Towards the Ordering of Events from Multiple Textual Evidence Sources

Towards the Ordering of Events from Multiple Textual Evidence Sources

Sarabjot Singh Anand, Arshad Jhumka, Kimberley Wade
Copyright: © 2011 |Pages: 19
DOI: 10.4018/jdcf.2011040102
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In any criminal investigation, two important problems have to be addressed: (1) integration of multiple data sources to build a concise picture of the events leading up to and/or during the execution of a crime, and (2) determining the order in which these events occurred. This paper focuses on the integration of multiple textual data sources, each providing a recollection of events observed by eyewitnesses. From these textual documents, using text mining and natural language processing techniques the authors identify events (across the document corpus) associated with the crime and infer temporal relationships between these events to create a (partial) ordering of the events. The authors evaluate their method on data collected through a mock eyewitness task.
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In any criminal investigation, the re-creation of the order in which events took place leading to a crime is capital. Capturing that order is difficult due to several problems, the main ones being: (1) information about the events is distributed across different sources, and (2) the often heterogeneous nature of the information. For example, information can be video, such as from CCTV cameras, textual information from emails, photographs on social network sites, and structured data from logs and databases. These data have to be merged so that meaningful conclusions can be drawn about the crime.

In this paper, we consider only textual data, coming from different sources. Such a situation arises when individual reports about a crime are gathered, for example, from different eyewitnesses. Individual accounts of events leading to a crime can differ in a number of ways. Firstly, people naturally use different vocabulary. They may also use different tenses when describing events. Secondly, people may be privy to only a subset of the events associated with the crime and, hence, may only provide accounts on the parts that they have witnessed. Thirdly, interested parties may intentionally provide incorrect information to mislead the investigation. Indeed groups of individuals may collude to confound the investigation. Eyewitnesses may also be misled by investigators. Fourthly, individuals may provide different levels of detail about the observed events. All these facts make the automated extraction of events, and the subsequent matching of events across different textual documents and the identification of actors associated with these events a difficult problem. Thus, a methodology is needed that will, first, discover and then order the events of interest.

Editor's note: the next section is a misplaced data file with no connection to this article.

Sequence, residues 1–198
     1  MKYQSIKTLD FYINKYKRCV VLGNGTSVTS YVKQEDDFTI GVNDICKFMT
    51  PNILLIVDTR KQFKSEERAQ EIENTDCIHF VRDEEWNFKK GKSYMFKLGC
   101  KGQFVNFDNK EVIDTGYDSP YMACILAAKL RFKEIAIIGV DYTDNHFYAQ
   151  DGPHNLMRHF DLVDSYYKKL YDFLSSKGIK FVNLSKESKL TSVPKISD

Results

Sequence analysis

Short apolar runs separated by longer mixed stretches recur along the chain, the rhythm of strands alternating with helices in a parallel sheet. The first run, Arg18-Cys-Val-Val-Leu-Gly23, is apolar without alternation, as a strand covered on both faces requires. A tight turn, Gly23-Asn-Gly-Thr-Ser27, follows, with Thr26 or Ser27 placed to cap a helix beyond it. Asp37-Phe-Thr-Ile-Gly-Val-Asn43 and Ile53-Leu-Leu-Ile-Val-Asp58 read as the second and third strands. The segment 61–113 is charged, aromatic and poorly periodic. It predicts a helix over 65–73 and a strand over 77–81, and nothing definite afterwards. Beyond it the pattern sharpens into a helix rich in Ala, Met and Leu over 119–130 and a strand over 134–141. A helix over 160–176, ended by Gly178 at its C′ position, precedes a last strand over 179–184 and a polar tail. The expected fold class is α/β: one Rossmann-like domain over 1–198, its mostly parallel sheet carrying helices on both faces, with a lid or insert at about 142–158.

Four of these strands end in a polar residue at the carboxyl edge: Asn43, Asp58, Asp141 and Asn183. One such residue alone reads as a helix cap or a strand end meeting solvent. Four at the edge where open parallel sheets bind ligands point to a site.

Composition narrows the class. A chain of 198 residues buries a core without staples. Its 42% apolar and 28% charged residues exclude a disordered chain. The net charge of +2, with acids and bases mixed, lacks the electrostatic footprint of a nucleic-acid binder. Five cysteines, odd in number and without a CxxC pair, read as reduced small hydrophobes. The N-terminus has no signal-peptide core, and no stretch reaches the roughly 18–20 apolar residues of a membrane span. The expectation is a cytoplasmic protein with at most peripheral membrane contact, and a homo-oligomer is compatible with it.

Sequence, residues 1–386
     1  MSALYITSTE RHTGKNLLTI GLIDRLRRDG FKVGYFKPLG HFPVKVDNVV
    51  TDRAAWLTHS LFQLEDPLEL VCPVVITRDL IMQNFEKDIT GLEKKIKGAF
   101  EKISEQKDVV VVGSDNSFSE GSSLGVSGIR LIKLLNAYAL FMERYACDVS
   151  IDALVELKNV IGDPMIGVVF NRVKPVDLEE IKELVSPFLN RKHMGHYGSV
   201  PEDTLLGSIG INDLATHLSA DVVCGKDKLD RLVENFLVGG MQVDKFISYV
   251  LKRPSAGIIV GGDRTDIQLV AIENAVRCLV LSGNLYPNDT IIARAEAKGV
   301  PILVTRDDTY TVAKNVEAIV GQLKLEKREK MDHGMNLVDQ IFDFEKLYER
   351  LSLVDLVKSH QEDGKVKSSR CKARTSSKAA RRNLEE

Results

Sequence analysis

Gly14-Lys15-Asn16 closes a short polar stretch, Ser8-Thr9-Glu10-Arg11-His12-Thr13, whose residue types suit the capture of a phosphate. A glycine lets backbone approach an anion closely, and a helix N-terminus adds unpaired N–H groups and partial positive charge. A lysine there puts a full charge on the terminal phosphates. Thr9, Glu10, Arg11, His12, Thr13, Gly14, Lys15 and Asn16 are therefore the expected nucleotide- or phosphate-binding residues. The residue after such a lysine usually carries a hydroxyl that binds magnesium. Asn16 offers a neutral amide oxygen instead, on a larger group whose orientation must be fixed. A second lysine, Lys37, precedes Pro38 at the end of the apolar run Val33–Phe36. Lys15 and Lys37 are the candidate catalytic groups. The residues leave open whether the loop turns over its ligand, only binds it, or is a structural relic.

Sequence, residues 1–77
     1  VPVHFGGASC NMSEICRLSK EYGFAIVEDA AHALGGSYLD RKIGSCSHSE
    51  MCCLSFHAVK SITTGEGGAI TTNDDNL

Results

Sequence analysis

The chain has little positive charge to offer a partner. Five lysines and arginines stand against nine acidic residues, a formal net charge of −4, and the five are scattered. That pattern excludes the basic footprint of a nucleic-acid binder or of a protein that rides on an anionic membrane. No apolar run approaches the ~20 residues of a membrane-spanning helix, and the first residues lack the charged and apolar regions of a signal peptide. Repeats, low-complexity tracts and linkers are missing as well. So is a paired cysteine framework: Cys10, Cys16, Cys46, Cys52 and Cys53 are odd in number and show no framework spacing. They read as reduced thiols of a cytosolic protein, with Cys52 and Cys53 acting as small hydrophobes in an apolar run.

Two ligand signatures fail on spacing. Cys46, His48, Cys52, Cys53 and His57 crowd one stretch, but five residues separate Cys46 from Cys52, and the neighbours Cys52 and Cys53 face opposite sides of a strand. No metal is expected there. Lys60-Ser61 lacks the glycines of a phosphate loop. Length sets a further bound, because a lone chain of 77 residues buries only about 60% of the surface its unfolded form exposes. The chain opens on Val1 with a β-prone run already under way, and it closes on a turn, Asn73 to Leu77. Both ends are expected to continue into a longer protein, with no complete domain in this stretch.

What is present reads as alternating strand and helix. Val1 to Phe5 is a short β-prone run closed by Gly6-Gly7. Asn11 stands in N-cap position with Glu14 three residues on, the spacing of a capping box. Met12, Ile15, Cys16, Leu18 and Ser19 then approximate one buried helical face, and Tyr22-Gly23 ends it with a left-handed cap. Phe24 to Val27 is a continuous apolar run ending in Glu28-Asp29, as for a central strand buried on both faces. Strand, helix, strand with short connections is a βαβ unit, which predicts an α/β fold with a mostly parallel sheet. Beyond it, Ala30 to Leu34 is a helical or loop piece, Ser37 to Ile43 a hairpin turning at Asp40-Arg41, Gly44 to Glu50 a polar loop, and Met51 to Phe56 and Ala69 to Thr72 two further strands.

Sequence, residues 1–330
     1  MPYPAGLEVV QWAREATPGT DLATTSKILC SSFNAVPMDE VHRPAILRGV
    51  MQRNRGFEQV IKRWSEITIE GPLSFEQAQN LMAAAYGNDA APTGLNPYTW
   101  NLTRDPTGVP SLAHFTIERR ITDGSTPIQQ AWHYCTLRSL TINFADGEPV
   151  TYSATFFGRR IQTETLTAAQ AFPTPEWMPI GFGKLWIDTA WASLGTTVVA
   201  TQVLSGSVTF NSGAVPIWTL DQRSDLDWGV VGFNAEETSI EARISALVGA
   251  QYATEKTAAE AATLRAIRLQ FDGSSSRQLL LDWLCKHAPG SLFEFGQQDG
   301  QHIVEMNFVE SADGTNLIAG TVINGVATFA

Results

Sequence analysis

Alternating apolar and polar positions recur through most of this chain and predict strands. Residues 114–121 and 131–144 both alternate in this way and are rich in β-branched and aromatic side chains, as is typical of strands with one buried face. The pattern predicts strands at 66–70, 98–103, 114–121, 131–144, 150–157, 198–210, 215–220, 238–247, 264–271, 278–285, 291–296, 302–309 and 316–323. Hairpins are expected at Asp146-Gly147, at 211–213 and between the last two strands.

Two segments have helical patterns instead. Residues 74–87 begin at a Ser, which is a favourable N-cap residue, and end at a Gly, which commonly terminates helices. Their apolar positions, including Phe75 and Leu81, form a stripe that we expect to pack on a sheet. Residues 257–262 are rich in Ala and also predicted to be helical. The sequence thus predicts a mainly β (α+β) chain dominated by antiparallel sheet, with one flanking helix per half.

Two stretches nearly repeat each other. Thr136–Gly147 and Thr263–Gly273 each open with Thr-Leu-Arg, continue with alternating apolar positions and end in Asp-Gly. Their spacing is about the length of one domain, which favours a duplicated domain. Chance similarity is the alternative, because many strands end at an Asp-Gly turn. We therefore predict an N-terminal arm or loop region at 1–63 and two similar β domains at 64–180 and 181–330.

Event Discovery

To illustrate some of the difficulty in discovering events, we consider some examples obtained from the mock eyewitness task that is used to validate the method presented in this paper: Three simple events that were observed are (1) the robber flicking through a photo album, (2) shutting the door to the garden and (3) taking a coke from the fridge. These common events have been differently described by our subjects, as shown below:

  • Event: Flicking through a photo album

    • “watched TV and flicked through a photo album”

    • “opens the TV and watches some pictures in a photo album”

    • “switches the TV on and flicks through photo albums whilst sitting on a sofa”

  • Event: Shuts the door to the garden

    • “he shuts and locks the back doors of the kitchen”

    • “he then closes and locks the door to the garden”

    • “fixed the light, after this he closed the back door”

  • Event: Taking a coke from the fridge

    • “goes to the kitchen where he drinks a Coca-Cola (he takes it from the fridge)”

    • “After that, he took a coke from the fridge and looked into the kitchen cabinets”

    • “got a can of coke from the fridge before taking an apple and eating it.”

    • “helped himself to some coke in the fridge”

It is the objective of the paper to develop an algorithm that would identify these ten descriptions as three distinct real-world events, and to infer temporal ordering relationship between these three events. The above captures the inherent difficulty of determining relevant events from a set of textual data sources due to (1) the disparity in the description of common events, (2) the level of details for each event, and (3) the context each event is set against.

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